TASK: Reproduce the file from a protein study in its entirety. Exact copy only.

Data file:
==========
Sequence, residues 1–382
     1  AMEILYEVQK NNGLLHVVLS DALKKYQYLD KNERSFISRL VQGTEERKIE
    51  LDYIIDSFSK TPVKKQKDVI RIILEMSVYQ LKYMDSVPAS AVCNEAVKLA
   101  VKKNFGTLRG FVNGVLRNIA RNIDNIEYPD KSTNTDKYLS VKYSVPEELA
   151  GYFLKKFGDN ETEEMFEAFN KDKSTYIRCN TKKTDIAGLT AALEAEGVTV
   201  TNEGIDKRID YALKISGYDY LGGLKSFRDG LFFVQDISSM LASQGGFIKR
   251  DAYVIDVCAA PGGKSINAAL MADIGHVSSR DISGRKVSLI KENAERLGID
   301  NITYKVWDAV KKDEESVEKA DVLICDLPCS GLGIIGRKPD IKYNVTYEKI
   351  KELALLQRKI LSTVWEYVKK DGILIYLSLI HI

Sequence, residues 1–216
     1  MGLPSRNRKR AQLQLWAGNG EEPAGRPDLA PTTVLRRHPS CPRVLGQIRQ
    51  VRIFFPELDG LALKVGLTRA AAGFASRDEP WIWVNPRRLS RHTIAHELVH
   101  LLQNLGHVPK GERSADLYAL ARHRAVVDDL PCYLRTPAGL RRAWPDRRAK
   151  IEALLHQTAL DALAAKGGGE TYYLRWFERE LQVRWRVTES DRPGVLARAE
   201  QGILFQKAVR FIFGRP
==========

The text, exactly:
Sequence, residues 1–382
     1  AMEILYEVQK NNGLLHVVLS DALKKYQYLD KNERSFISRL VQGTEERKIE
    51  LDYIIDSFSK TPVKKQKDVI RIILEMSVYQ LKYMDSVPAS AVCNEAVKLA
   101  VKKNFGTLRG FVNGVLRNIA RNIDNIEYPD KSTNTDKYLS VKYSVPEELA
   151  GYFLKKFGDN ETEEMFEAFN KDKSTYIRCN TKKTDIAGLT AALEAEGVTV
   201  TNEGIDKRID YALKISGYDY LGGLKSFRDG LFFVQDISSM LASQGGFIKR
   251  DAYVIDVCAA PGGKSINAAL MADIGHVSSR DISGRKVSLI KENAERLGID
   301  NITYKVWDAV KKDEESVEKA DVLICDLPCS GLGIIGRKPD IKYNVTYEKI
   351  KELALLQRKI LSTVWEYVKK DGILIYLSLI HI

Sequence, residues 1–216
     1  MGLPSRNRKR AQLQLWAGNG EEPAGRPDLA PTTVLRRHPS CPRVLGQIRQ
    51  VRIFFPELDG LALKVGLTRA AAGFASRDEP WIWVNPRRLS RHTIAHELVH
   101  LLQNLGHVPK GERSADLYAL ARHRAVVDDL PCYLRTPAGL RRAWPDRRAK
   151  IEALLHQTAL DALAAKGGGE TYYLRWFERE LQVRWRVTES DRPGVLARAE
   201  QGILFQKAVR FIFGRP